For further information on recommended file types and requirements for submission, please visit:

Copyright Transfer Agreement
If your paper is accepted, the author identified as the formal corresponding author for the paper will receive an email prompting them to login into Author Services; where via the Wiley Author Licensing Service (WALS) they will be able to complete the license agreement on behalf of all authors on the paper.

For authors signing the copyright transfer agreement
If the OnlineOpen option is not selected the corresponding author will be presented with the copyright transfer agreement (CTA) to sign. The terms and conditions of the CTA can be previewed in the samples associated with the Copyright FAQs below:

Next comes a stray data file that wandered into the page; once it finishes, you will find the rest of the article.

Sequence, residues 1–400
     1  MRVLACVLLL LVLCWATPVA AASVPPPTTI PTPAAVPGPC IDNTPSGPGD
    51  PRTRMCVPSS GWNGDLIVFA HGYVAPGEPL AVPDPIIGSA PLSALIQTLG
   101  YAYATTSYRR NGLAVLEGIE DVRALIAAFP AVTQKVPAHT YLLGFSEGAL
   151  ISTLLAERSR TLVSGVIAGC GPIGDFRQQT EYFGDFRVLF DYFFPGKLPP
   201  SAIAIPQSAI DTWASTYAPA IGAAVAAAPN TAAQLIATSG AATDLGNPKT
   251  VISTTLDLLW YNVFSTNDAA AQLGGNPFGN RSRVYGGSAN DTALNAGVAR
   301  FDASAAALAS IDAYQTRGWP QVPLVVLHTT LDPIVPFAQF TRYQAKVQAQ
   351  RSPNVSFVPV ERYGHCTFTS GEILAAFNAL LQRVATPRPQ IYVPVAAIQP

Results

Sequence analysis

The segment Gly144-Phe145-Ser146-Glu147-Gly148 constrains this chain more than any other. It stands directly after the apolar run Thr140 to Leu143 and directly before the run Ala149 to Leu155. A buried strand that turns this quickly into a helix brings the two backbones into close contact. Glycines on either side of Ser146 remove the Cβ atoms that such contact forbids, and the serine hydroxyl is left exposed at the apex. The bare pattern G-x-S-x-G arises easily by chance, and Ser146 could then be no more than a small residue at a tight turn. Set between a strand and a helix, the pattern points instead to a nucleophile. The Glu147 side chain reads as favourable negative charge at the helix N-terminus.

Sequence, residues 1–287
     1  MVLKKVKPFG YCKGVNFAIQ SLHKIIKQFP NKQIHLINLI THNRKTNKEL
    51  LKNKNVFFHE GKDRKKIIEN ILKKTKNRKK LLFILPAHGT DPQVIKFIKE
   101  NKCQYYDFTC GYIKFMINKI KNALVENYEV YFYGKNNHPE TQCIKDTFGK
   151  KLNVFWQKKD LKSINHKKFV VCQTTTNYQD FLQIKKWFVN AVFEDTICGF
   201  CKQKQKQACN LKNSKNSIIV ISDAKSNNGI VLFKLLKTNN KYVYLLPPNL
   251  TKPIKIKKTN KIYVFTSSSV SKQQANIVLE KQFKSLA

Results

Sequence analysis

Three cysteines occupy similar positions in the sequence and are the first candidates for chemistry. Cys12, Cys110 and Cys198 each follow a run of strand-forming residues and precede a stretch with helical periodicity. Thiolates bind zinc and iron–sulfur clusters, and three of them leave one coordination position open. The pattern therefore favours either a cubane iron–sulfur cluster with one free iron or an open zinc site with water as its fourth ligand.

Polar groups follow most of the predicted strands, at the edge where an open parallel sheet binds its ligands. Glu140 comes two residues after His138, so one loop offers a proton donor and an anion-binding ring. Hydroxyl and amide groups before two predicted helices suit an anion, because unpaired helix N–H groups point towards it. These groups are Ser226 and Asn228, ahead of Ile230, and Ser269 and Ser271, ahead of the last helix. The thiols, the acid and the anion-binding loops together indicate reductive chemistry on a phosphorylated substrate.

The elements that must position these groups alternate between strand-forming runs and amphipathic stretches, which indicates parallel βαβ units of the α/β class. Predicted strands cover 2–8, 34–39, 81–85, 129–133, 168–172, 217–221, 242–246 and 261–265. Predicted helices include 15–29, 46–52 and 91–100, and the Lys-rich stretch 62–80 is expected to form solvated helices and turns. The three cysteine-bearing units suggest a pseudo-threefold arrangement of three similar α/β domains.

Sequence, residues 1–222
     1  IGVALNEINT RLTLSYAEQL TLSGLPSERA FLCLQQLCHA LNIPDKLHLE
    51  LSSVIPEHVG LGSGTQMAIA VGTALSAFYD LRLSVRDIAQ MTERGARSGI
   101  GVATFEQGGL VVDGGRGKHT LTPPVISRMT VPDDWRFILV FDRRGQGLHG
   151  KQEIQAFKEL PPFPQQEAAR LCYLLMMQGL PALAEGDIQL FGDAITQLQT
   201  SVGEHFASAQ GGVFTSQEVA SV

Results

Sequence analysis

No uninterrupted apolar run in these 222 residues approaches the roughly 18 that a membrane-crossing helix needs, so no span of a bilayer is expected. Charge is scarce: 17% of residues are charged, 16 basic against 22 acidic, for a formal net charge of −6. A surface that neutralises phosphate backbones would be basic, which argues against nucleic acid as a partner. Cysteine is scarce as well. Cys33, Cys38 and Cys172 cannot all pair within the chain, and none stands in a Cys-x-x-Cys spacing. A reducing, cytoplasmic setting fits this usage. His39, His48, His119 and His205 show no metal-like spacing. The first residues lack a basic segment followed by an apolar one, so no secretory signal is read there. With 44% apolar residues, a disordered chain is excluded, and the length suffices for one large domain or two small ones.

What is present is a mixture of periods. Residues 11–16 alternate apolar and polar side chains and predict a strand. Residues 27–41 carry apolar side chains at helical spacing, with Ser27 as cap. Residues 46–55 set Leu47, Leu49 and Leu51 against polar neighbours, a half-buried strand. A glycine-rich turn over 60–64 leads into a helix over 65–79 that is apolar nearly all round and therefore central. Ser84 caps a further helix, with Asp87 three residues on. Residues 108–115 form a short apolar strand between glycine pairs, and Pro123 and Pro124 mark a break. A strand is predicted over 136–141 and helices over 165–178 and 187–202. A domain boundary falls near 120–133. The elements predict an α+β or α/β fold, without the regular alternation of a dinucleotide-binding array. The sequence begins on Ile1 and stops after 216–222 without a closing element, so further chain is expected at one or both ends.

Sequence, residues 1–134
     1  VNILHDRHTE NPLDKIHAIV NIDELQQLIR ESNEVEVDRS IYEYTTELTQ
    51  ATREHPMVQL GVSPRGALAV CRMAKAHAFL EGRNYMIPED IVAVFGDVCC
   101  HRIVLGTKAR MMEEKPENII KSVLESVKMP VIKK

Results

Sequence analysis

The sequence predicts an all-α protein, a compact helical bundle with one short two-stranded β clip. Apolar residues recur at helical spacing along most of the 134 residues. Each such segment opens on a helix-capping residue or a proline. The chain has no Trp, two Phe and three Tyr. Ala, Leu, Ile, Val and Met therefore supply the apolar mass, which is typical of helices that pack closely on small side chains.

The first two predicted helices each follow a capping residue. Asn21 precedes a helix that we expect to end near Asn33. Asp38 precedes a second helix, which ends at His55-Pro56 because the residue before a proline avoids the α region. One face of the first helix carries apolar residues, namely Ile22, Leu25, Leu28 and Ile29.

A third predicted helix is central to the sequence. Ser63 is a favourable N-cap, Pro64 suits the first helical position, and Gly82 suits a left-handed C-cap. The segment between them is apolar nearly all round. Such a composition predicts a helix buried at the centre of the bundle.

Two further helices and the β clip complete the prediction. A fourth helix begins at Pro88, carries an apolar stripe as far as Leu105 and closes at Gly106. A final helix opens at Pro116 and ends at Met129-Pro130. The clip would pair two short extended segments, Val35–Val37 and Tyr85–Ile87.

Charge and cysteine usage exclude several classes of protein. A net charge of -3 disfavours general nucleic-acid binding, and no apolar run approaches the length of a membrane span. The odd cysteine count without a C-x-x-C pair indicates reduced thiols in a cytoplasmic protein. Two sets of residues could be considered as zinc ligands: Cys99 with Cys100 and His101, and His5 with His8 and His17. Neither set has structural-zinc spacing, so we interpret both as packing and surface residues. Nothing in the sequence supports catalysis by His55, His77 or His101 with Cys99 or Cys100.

CTA Terms and Conditions

For authors choosing OnlineOpen
If the OnlineOpen option is selected the corresponding author will have a choice of the following Creative Commons License Open Access Agreements (OAA):

Creative Commons Attribution License OAA

Creative Commons Attribution Non-Commercial License OAA

Creative Commons Attribution Non-Commercial -NoDerivs License OAA

To preview the terms and conditions of these open access agreements please visit the Copyright FAQs hosted on Wiley Author Services and visit

If you select the OnlineOpen option and your research is funded by The Wellcome Trust and members of the Research Councils UK (RCUK) or the Austrian Science Fund (FWF) you will be given the opportunity to publish your article under a CC-BY license supporting you in complying with your Funder requirements. For more information on this policy and the Journal’s compliant self-archiving policy please visit: